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recovery and destruction of ods banks - Environmental Investigation ...

recovery and destruction of ods banks - Environmental Investigation ...

Recovery

Recovery and destruction of ods banks Expanding the montreal protocol as a force for climate protection ODS Banks: Problem and Opportunity The global implementation of Montreal Protocol on Substances that Deplete the Ozone Layer (“Montreal Protocol”) over the last 21 years has successfully phased out the consumption and production of ozone-depleting substances (“ODS”) by 97%. Since most ODS are “super” greenhouse gases (“GHGs”) with global warming potentials (“GWPs”) hundreds or thousands of times greater than carbon dioxide (“CO 2 ”), this phase-out has had dramatic impacts on mitigating climate change. Unfortunately, once ODS are released onto the market, they are no longer regulated under either the Montreal Protocol or the Kyoto Protocol to the United Nations Framework Convention on Climate Change’s (“UNFCCC” and “Kyoto Protocol” respectively). ODS that have been used over the past 50+ years still exist in equipment, such as refrigerators and air conditioners. ODS can also be found in insulating and other foams and in stockpiles of virgin, recovered and contaminated ODS. These ODS are collectively referred to as “Banks”. The Intergovernmental Panel on Climate Change (“IPCC”) and the Technology and Economic Assessment Panel (“TEAP”) estimated in 2002 that Banks contain approximately 20 billion tons (“Gt”) of CO 2 equivalents (“CO 2 –eq.”). 1 They predict that approximately 6 Gt CO 2 -eq. will be released into the atmosphere during the period from 2011 to 2015 alone from the most easily accessible and destroyable Banks in refrigeration and air conditioning. Unless immediate action is taken, the IPCC and TEAP also predict that total direct emissions of emitted from Banks will reach 2.3 Gt CO 2 -eq. per year by 2015, which would erase all of the reductions in GHG emissions achieved under the Kyoto Protocol. 2 The nations of the world have a limited opportunity to capture these emissions and prevent a massive release of powerful GHGs that will further exacerbate global climate change. Aggressive actions must be taken this year. Immediate and decisive action to manage and destroy these Banks would be much more cost effective than many other climate change mitigation measures. Additionally, expanding and supplementing the Montreal Protocol’s previous investments in infrastructure, training, and governance institutions necessary to recover and destroy these “reachable” Banks in the near-term, will achieve the collateral benefit of reducing the costs of recovering and destroying the remaining 14 Gt CO 2 - eq. in Banks that will be emitted after 2015. 3 2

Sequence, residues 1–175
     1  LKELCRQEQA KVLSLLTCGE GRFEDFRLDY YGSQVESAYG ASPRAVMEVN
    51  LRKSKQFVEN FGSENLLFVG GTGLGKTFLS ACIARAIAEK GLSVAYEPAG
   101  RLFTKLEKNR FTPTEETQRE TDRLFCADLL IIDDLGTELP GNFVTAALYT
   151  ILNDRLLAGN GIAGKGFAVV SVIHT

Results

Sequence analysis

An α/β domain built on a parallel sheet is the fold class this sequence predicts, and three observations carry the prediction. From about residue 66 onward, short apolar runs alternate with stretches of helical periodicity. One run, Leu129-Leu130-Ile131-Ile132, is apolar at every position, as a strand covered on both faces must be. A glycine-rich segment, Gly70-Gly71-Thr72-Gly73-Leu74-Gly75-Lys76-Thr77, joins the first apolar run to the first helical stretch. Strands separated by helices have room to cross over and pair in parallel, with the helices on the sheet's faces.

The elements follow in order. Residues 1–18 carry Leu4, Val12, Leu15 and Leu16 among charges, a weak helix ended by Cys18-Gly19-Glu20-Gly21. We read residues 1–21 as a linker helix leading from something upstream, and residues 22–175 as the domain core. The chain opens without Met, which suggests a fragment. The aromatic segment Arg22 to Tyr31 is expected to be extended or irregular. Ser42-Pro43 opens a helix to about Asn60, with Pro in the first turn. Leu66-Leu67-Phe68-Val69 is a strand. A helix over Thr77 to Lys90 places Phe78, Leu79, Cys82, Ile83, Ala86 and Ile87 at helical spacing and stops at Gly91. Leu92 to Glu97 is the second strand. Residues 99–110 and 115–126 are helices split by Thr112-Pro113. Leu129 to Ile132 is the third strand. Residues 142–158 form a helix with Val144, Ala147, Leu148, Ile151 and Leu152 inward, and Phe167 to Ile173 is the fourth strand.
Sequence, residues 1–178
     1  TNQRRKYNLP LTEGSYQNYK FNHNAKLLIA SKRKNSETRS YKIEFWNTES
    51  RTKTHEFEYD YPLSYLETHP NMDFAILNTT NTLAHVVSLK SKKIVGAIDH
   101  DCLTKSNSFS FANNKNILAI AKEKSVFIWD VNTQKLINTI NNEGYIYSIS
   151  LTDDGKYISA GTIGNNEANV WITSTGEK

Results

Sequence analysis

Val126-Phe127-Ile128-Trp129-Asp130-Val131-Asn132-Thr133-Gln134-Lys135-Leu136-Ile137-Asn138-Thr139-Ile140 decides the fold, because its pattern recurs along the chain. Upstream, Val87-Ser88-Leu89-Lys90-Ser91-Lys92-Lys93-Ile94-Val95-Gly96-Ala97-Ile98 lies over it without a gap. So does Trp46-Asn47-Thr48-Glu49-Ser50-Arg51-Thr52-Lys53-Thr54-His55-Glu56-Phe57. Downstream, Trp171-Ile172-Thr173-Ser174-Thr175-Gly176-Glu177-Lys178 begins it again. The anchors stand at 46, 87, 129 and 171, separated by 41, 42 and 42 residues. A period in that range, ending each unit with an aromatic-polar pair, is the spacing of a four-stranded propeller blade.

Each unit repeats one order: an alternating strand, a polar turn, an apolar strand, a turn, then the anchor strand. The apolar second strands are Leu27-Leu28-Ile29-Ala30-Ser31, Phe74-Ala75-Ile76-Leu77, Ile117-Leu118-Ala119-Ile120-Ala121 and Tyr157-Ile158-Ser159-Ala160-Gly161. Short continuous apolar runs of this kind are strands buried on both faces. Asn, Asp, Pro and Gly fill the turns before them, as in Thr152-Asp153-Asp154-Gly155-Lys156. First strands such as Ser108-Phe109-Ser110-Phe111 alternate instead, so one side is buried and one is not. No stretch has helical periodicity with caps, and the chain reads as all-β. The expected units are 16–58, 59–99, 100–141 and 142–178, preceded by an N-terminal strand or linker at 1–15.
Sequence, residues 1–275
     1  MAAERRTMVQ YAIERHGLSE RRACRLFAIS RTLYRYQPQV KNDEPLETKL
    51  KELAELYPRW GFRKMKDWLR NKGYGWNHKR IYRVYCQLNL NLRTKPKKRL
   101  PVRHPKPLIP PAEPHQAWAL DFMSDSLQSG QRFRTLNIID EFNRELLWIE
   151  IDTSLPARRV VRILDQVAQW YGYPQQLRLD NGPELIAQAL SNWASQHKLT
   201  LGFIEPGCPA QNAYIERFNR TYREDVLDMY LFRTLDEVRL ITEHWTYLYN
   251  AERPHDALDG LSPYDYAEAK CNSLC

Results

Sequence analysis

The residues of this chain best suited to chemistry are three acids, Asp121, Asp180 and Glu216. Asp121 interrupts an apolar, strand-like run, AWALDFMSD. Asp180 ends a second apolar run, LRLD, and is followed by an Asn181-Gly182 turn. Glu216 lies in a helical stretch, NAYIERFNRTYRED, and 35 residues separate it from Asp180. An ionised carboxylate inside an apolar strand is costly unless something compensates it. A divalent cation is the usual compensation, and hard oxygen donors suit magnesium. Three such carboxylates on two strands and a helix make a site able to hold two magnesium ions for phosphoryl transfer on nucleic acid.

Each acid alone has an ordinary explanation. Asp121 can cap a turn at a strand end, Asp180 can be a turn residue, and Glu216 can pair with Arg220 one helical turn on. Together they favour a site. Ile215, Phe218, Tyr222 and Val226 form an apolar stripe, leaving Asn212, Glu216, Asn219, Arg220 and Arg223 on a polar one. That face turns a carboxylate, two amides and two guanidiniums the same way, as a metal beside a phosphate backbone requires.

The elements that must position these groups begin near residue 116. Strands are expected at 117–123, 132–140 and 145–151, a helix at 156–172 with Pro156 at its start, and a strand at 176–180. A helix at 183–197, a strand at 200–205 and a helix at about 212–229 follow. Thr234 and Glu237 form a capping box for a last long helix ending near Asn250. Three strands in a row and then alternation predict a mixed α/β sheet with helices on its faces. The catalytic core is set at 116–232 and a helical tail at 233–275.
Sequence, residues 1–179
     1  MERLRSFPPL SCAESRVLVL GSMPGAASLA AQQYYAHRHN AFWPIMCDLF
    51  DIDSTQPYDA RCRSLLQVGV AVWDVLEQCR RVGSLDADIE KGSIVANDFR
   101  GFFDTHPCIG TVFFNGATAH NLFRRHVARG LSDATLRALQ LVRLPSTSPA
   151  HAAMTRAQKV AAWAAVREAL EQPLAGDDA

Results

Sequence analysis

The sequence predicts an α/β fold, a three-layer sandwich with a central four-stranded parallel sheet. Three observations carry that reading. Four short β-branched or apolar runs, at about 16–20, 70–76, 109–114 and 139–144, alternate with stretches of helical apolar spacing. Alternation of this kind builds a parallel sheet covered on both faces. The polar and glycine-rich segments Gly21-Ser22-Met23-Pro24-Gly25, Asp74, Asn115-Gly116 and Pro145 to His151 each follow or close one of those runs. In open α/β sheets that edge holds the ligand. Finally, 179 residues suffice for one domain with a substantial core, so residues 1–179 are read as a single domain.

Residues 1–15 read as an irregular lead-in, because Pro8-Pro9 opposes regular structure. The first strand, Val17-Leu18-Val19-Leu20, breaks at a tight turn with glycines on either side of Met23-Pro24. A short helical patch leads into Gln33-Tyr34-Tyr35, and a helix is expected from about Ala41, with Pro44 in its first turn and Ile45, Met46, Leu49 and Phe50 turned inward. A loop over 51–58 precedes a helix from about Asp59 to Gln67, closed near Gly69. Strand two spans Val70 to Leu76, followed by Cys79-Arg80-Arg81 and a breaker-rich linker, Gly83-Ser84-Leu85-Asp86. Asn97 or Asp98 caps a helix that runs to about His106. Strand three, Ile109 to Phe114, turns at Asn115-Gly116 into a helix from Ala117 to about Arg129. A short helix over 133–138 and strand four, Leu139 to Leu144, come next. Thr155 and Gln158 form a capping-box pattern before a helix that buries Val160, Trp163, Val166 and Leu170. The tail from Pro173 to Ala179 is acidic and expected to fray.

PRotecting the Environment with Intelligence Maintenance and Destruction of Banks Projected ODS Banks Emissions, 2009–2015 Total Kyoto GHG Reductions, 2008–2012 4.3 6.0 ODS Banks emissions from 2011-2015 could erase all of the GHG reductions achieved under the Kyoto Protocol. 1 2 3 Emissions, (GT CO 2 -eq) 4 5 6 7 8 IPCC/TEAP Tackling the destruction of Banks will require a multi-faceted approach. In non-Article 5 countries, i.e., developed countries, feasible potential regulatory approaches include requiring producer/ retailers to collect and destroy ODS, providing incentives for ODS destruction, and creating industry-led programs for this purpose. 4 Most non-Article 5 countries have available infrastructure and facilities to destroy ODS effectively in a validated and verifiable manner. 5 However, most non-Article 5 countries have not instituted comprehensive Banks maintenance and recovery programs that 1) employ best available technologies 2) receive adequate funding and 3) are supported by effective enforcement. The Parties have been considering the issue of maintenance and destruction of Banks for years. They have passed numerous decisions concerning approved destruction technologies (decisions IV/11, V/26, VII/35, XIV/6 and XV/9) and good housekeeping procedures for destruction (decisions IV/11 and XV/9), and they have clarified destruction efficiency issues (decisions IV/11, XV/10 and XVII/17). Despite this, destruction rates in non-Article 5 countries remain inadequately low. Non-Article 5 countries should be encouraged to take immediate steps to maintain the Banks within their jurisdiction and to adopt comprehensive Banks maintenance and destruction programs supported by adequate resources to ensure their effectiveness. In 2006, it was estimated that there were 515,000 tonnes of reachable CFCs Banks of Article 5 Parties. Since the production of CFCs will cease in Article 5 countries as of January 1, 2010, the IPCC and TEAP estimate that there will be a need for as much as 30,000 tonnes of CFCs to meet the global demand for servicing CFCbased refrigeration, that amount dropping to 3,000 tonnes by 2015. While some evidence suggests that these estimates are too high, it does indicate that there will be a commercial incentive to recover and properly maintain a certain percentage of Banks for the purpose of replenishment of CFCs. The Multilateral Fund (“MLF”) has financed at least 100 recovery and recycling projects to establish the expertise and to distribute the equipment necessary for recovery and recycling of Banks. Anecdotal data obtained by the expert group that prepared the 2006 report for the MLF indicated that recovery efforts to date have been highly ineffective. 3

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